The way I see it, athletics as spectator sport serve two main purposes: inspiration and affiliation. It fails to provide either.
It's always good to see what humankind is capable of and what it can aspire to. The four-minute mile is a great example of this: Roger Bannister was a medical student. He trained, studied, trained, studied. We should all be amazed at what he accomplished. Likewise, when I attended diving competitions to see my brother compete, I watched people dive from 10 meter platforms and perform various contortions on their way to meet the water below. We, as humans, are capable of many things, and it is important to be reminded of that so that we continue to strive towards our own goals.
My argument here is that professional atheletes cannot serve as inspiration because they are no longer human. Professional atheletes are filled with steroids and other performance enhancers. Compare Roger Bannister, medical student, to Carl Lewis (stimulants!) or Ben Johnson (steroids!). That's why, I think, the leagues and associations are against drugs and cheats (Howard Johnson's corked bat, for example). Cheating doesn't inspire us. Even the characters that aren't pumped full of dope, in the highly-paid sports, are millionaires who can train all day, every day, if they so desire. These people have nothing in common with us. They live in another world, and can no longer inspire us. Their struggles are not our struggles.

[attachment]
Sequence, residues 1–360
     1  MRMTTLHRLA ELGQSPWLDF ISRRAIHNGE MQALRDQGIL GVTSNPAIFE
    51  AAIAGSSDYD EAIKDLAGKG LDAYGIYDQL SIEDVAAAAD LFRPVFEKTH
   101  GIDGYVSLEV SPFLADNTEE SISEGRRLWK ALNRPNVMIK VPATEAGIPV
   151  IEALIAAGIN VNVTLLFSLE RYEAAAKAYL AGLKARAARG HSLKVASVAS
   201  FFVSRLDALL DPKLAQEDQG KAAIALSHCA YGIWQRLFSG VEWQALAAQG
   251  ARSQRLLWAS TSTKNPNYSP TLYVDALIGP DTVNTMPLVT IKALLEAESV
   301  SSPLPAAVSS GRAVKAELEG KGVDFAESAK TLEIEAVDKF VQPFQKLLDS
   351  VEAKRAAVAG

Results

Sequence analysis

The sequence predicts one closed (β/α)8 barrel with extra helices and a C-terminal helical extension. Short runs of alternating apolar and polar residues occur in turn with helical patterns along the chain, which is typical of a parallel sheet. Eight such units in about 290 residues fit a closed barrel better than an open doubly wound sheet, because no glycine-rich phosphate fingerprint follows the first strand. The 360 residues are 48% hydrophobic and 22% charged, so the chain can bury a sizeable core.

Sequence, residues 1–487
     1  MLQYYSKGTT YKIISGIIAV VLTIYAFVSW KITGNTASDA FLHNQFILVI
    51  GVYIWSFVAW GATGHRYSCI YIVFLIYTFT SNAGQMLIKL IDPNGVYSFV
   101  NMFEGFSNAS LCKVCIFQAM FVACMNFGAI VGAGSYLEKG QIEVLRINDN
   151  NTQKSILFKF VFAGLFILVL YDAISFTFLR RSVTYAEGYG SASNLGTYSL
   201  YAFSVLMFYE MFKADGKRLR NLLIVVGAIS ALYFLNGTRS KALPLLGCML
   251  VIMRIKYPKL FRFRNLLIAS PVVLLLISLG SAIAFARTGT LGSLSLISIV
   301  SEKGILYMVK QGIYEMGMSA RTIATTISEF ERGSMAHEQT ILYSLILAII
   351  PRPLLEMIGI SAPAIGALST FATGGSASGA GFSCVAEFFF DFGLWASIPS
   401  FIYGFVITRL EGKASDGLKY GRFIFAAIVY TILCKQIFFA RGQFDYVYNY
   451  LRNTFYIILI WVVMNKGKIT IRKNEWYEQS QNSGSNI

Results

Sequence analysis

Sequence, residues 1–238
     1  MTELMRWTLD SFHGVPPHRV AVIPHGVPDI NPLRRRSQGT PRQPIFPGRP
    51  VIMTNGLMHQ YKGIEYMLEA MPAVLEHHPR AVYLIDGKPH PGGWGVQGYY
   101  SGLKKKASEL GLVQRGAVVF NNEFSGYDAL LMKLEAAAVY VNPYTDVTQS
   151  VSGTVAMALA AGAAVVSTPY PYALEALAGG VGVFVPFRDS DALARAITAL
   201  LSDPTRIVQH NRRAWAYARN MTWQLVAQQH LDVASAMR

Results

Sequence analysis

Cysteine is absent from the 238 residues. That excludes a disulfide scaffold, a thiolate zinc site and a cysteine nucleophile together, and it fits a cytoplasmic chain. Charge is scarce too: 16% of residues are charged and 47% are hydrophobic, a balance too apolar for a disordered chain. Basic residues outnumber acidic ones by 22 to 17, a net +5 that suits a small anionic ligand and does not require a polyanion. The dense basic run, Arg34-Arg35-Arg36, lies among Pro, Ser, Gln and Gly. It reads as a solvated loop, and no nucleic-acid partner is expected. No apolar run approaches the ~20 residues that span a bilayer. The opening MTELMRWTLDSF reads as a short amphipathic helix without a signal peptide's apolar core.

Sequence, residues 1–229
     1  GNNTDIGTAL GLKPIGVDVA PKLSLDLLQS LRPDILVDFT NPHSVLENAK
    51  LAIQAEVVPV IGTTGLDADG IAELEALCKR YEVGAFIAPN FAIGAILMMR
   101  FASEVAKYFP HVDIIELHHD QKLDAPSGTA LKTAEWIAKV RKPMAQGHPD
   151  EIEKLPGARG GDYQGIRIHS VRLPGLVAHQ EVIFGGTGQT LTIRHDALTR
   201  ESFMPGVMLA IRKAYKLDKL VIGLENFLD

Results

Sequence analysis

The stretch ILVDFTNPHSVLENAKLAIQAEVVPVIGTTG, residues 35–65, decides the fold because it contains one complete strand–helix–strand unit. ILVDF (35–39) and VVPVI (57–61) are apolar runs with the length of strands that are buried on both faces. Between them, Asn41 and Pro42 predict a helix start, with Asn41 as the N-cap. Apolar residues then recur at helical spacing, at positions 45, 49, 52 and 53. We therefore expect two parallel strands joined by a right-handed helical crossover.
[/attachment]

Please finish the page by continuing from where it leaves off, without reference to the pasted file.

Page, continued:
Root for the home team! People enjoy watching team sports because they feel an affiliation for the team. In high school sports, you feel that affiliation because the players are your peers, your family, your neighbors. The bonds are close. They are people that you know. In college sports, that can still hold true in some respects, although in big money sports like football and basketball, I have to wonder. How many football and basketball players did I share classes with? None that I know of. They were not my peers. I didn't know them, I didn't know people who knew them, I didn't even see them on campus.
Professional sports hires the best players they can for the money. That means they come from all over the place, and the home team isn't really from your home at all. The best, and by that I mean the most conscientious, players make a point of trying to integrate themselves into the community, but since they might be traded at any time, what real incentive do they have? They are nothing but mercenaries.
When we feel affiliation for a professional sports team, it is mostly by proxy. They are associated with the city I live in or near! The players appear frequently on my local news channel! Other people that live around me wear the team logo on their clothing!
Both inspiration and affiliation are important, but professional sports fail to provide them because they are neither of us nor among us.
Feel free to offer a counterpoint.